The field of Human-Animal Studies (HAS) is about human-animal relations. However, which animals does the field encompass? In recent years, some scholars have noted a bias towards vertebrate species, especially domesticated mammals. To assess how prevalent (or not) invertebrates have been in HAS scholarship, a three-stage scoping study was conducted of two pioneering journals in the field: Anthrozoös and Society & Animals. This article reports on preliminary findings, and confirms that human-animal scholarship, as presented in these two leading journals, is characterised by “institutional vertebratism”, albeit the full extent of this invertebrate knowledge gap needs to be fully assessed. If the next generation of HAS scholars is to fully comprehend the full range of interspecies contexts, they must be more inclusive in terms of the diversity of vertebrate and invertebrate species studied. Widening the species net is therefore a necessary corrective to addressing vertebrate bias in this field.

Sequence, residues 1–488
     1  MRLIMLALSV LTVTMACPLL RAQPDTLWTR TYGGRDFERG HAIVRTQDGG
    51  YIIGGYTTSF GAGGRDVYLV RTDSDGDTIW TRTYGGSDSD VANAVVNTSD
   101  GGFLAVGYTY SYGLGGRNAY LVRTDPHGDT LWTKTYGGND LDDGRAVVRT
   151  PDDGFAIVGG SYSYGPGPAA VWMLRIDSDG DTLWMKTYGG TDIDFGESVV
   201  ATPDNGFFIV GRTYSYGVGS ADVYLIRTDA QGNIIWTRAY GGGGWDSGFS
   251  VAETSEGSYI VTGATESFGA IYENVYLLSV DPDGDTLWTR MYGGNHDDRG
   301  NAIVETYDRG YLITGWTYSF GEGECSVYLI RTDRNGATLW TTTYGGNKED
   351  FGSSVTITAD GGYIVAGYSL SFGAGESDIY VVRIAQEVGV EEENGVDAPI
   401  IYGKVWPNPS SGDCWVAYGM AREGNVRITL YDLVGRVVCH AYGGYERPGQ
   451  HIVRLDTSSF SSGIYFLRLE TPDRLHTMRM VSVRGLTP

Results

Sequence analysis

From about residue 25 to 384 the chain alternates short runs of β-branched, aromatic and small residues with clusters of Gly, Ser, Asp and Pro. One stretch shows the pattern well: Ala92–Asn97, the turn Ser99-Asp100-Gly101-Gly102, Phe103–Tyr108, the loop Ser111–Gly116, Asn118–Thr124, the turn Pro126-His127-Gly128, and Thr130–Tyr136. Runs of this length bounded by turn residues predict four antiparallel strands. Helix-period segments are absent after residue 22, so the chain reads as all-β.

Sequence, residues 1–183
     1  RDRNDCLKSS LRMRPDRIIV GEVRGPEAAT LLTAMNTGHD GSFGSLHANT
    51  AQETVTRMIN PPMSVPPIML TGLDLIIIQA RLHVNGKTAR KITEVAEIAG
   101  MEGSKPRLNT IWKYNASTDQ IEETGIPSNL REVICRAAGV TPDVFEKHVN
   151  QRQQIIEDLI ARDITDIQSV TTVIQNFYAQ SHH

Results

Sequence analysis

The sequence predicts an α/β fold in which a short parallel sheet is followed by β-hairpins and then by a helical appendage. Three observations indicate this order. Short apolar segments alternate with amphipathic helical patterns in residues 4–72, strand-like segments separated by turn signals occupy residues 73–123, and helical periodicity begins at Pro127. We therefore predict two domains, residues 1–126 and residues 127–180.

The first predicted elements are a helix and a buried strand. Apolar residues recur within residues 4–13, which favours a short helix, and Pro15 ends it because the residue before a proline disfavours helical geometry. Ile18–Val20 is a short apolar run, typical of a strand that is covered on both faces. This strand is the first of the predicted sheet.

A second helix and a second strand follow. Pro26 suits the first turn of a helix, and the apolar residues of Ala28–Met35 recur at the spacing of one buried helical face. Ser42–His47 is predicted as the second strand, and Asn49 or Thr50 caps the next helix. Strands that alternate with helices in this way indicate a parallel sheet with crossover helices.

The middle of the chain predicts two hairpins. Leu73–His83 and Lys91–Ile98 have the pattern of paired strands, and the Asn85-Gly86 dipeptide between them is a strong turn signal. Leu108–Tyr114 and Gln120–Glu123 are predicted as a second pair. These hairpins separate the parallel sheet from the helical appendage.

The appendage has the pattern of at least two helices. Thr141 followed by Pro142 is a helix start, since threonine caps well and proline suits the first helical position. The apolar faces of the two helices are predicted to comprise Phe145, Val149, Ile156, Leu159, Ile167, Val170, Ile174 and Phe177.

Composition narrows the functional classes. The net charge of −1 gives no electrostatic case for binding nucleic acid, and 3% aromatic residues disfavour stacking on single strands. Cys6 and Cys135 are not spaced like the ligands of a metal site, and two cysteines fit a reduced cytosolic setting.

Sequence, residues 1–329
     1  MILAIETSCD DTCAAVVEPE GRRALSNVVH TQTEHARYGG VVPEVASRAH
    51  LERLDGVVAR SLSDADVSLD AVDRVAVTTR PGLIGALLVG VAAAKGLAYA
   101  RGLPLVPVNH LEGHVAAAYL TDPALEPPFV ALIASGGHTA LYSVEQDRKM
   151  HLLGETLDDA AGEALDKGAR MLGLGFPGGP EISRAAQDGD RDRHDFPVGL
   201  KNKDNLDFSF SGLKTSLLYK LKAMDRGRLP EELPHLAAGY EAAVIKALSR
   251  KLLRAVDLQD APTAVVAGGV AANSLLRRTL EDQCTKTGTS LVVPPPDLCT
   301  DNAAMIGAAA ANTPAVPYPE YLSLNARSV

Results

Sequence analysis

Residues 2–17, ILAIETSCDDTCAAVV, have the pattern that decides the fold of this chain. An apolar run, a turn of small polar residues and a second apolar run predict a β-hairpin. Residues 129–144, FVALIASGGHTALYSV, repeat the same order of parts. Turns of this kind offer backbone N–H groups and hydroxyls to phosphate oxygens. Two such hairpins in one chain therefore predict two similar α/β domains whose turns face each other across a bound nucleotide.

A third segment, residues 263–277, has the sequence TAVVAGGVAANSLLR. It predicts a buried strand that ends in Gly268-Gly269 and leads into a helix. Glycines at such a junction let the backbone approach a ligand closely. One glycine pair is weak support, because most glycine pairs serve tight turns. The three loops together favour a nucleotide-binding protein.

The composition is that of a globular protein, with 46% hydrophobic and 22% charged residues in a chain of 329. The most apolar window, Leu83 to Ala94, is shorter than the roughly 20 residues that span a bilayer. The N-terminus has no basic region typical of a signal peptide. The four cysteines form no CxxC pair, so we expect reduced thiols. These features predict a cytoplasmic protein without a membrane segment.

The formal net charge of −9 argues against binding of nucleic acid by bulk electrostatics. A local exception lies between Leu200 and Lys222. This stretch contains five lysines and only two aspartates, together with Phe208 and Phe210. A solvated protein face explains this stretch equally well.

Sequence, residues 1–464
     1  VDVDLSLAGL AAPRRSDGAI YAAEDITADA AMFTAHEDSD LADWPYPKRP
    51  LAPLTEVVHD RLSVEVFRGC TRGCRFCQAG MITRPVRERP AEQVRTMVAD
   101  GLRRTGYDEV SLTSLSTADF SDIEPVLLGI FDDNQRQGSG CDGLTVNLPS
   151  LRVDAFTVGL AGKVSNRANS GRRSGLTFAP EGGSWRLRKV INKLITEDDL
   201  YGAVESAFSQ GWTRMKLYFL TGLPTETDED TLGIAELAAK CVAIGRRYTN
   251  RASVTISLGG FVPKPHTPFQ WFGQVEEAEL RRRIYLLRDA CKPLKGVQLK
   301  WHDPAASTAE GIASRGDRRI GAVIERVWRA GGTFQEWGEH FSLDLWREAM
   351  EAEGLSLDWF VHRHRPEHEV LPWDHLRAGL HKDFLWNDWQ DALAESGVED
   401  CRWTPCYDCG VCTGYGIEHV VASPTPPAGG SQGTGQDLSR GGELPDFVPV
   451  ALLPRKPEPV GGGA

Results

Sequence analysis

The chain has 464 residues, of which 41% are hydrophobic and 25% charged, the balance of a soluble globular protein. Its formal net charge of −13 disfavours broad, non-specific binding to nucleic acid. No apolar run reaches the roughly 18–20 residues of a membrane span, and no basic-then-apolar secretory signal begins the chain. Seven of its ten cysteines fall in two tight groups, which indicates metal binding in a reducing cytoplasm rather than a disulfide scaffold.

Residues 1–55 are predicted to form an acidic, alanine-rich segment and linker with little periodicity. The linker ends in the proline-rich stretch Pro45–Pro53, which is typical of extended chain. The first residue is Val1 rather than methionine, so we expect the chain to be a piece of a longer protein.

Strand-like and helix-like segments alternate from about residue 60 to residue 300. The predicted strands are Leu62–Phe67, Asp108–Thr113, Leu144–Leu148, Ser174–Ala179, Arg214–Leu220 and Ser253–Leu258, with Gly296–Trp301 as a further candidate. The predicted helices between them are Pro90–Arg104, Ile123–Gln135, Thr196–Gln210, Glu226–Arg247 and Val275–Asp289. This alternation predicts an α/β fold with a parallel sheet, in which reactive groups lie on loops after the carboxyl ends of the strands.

- Vertebrate bias
- scoping study
- HAS scholarship
Wilkie, R. M., Moore, L. J., & Molloy, C. (2019). How Prevalent are Invertebrates in Human-Animal Scholarship? Scoping Study of Anthrozoös and Society & Animals. Society & Animals, 27(7), 656–677 . https://doi.org/10.1163/15685306-00001902